Kentaro Muira is probably the most famous or depending on how you see his work “infamous” manga artist and writer of all time. Writing, Illustrating and Publishing manga from the young age of ten Muira started with series like “Oh -Roh” and “King of Wolves”, but his fame would sky rocket due to the creation of the highest rated manga of all time. Berserk.
Berserk at first didn’t take off due to it’s “mature content” and I emphasise mature due to the amount of killing and sexual violence that the series holds. The first volumes were highly rated but there was no name attached to the series so the first three volumes were overlooked on their release and through the next five years. Then after years of preparation Muira entered the next arc of his series arc 2: The Golden Age. The series blew up after the release and allowed Muira to write whatever he wanted, but he kept writing Berserk.
At this point in time Berserk has a weird relationship with Japan as it originated there but not many manga readers pick up Berserk due to the intensity that the series thrives on. Because of this Berserk is never shown on many stores in Japan, not even the adult manga shops display it as it has caused major controversy for its explicit nature, people going far as to attempt to sue Muira for giving them nightmares from the “Red Eclipse” chapters.
Whereas in the West (America and Western Europe) it has grown a huge following and is one of the most read Japanese publications in the West. But that is only talking about the writing and its history lets’ talk about the art of Berserk.
Materials and Mediums…
Muira has an unorthodox style for his manga as it actually draws influence from the lithograph artist M.C. Escher. Muira adapted this to ink and brush the medium used by manga artists, the result is some of the most layered art ever. I have a few images to show off, Muira is by far my favourite artist whilst I will only break down one piece I can’t only show one piece.
For me, this is some of the most beautifully framed pieces of work and the fact that its framed rounded high-quality gripping series is the icing on the cake. Muira knows how to use detail effectively using it where needed to draw attention almost like a tilt shift using minimal detail to contrast heavily with the max malistic layered detail which appears elsewhere on the page.
His work is black and white like most manga but really captures the shape, form, tone, shadow and texture mastered by Escher in his time. To show the difference in quality and style I have put two images a person swinging a sword one is from berserk and the other is from another title called “Samurai Deeper”.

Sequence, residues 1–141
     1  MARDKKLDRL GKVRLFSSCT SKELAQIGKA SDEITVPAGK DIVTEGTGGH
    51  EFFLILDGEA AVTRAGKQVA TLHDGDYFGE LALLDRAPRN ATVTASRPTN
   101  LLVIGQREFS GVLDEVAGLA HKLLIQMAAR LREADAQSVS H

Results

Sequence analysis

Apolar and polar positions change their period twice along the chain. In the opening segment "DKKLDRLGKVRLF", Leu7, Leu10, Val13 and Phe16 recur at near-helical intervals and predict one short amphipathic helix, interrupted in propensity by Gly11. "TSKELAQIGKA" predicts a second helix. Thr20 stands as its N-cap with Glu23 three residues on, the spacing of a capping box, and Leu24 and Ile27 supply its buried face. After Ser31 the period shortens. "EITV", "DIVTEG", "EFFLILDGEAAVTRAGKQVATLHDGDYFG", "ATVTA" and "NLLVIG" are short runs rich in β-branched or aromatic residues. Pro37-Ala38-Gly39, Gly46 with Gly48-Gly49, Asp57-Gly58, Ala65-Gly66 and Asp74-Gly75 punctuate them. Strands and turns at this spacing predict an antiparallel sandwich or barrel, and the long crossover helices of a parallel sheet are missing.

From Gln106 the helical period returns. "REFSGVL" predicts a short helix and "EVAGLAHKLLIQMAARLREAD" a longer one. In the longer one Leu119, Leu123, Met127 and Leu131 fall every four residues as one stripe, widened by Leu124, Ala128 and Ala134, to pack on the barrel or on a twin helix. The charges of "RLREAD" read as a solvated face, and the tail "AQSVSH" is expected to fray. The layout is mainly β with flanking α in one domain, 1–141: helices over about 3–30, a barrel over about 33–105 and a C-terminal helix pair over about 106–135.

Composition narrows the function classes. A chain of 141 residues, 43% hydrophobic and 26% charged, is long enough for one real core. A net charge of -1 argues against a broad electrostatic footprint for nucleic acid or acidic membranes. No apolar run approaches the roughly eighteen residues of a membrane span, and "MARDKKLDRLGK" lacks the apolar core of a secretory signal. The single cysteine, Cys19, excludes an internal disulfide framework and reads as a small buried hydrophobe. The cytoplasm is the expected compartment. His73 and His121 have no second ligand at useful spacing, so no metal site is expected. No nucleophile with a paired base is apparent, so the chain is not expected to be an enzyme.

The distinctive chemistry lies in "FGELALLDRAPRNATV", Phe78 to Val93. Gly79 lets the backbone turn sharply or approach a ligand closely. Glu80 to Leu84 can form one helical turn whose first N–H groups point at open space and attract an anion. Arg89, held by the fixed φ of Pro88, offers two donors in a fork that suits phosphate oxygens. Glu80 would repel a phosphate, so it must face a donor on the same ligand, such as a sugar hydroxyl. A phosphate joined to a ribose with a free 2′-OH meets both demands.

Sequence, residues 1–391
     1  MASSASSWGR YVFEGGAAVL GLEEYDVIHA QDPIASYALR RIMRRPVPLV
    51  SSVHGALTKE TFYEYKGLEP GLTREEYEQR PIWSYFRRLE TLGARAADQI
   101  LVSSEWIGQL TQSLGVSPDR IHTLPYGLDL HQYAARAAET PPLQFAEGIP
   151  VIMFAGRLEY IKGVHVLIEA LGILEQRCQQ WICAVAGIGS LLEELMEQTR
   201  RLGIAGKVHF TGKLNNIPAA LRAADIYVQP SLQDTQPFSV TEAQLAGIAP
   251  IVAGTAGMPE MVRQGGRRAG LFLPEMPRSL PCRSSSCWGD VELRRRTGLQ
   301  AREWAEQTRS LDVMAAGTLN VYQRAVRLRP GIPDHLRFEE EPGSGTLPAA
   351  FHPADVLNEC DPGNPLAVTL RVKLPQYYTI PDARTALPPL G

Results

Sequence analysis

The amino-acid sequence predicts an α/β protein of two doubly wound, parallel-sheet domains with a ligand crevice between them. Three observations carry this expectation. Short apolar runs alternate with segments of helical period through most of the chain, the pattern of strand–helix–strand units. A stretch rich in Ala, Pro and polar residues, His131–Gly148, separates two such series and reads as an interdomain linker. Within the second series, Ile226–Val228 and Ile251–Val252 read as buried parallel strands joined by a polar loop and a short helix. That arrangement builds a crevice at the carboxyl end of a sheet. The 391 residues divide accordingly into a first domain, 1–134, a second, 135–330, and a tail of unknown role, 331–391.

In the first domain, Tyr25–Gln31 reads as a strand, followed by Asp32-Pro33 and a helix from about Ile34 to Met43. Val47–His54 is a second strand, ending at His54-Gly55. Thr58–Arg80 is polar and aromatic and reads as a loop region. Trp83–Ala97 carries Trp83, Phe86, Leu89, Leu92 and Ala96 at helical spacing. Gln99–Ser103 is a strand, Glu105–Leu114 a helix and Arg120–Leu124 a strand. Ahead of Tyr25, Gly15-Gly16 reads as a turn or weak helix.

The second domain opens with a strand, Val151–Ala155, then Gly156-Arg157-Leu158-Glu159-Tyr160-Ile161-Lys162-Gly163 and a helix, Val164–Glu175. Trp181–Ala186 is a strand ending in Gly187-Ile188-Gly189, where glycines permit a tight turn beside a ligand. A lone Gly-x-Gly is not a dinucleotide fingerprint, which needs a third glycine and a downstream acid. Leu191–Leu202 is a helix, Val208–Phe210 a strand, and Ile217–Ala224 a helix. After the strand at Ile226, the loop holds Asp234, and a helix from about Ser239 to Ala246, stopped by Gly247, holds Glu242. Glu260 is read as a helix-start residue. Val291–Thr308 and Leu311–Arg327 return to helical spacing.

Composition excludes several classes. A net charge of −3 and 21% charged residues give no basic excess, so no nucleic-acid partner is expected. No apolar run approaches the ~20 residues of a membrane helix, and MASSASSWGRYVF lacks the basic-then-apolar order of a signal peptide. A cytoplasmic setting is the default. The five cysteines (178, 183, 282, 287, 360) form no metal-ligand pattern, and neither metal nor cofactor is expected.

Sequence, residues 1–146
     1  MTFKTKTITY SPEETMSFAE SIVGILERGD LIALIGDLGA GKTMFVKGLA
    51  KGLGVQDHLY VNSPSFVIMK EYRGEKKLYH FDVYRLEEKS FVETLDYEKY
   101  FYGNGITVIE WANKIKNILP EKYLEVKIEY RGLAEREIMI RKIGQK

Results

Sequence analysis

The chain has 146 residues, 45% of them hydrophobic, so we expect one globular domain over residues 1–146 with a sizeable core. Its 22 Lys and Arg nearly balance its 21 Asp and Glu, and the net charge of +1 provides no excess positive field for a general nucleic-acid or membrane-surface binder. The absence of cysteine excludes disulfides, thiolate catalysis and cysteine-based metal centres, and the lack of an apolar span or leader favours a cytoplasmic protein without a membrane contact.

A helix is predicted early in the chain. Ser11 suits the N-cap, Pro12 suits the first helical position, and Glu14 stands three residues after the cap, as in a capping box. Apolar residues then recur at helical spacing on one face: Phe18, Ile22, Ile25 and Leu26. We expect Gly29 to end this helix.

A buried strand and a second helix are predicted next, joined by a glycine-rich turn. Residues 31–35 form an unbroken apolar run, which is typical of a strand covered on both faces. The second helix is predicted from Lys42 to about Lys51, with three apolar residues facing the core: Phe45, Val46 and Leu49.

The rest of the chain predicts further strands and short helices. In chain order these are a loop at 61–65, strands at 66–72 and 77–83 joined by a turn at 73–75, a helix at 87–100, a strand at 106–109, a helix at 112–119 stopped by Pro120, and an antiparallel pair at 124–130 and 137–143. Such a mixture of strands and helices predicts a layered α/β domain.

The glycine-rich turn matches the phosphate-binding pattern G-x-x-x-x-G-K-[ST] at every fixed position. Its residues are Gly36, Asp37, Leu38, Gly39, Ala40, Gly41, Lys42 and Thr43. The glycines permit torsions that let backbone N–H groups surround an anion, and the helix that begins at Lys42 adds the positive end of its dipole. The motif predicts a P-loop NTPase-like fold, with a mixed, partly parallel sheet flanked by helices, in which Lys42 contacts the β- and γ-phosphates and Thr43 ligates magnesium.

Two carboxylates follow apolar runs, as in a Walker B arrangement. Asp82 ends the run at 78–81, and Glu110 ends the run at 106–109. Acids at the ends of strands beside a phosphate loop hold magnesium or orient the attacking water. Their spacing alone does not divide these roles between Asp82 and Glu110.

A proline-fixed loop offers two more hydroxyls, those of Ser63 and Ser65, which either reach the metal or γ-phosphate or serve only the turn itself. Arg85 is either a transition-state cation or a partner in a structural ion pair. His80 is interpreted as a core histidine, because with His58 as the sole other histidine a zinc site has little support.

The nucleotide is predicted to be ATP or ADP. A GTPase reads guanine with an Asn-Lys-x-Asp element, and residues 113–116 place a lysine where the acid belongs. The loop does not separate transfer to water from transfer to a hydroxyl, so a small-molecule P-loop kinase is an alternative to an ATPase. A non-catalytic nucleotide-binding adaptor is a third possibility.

Every time my eyes hone in on the image of Guts from Berserk on the right. There are several reasons for that. The one on the left hides away from showing faces during movement and each character holds an unnatural rigidness to them that feels out of place. It also breaks down the image too much into separate panels leaving a fragmented visual journey, the angles used on the left are very standard and don’t veer away from anything.
Whereas Berserk emphasises Guts’ reaction as he looks over his shoulder showing one eye before gritting his teeth and shifting his body weight to swing his sword (The DragonSlayer). The Result is three clean and inventive shots that tell a story of emotions switching in the moment. By adding faces and intensity it grounds the unnatural action (by today’s standards) of swinging a sword. Whereas Samurai Deeper leaves the viewer lost within a fragmented visual story, it honestly took me a while to work out what the writer and illustrator were trying to convey on the left but Muira’s is fully legible.
Below I have selected one of Muira’s best pages/ piece of work (in my opinion) and broken it down using the formal elements such as shape, form, tone texture and composition etc.
In conclusion, Muira doesn’t just inspire me with his art style but how he uses it, he is my number inspiration when it came to my “dry brush digital painting” as I was unhappy with the standardised style of digital painting. His philosophy of not being happy about the knowledge surrounding me is a great inspiration and drive for me to look at new sources for information no matter how far out they may be.
I also try to paint in darker colours to replicate the horrifying intensity captured within his frames as I’m fan of Berserk not only artistically but also in terms of the literature and the sources it came from.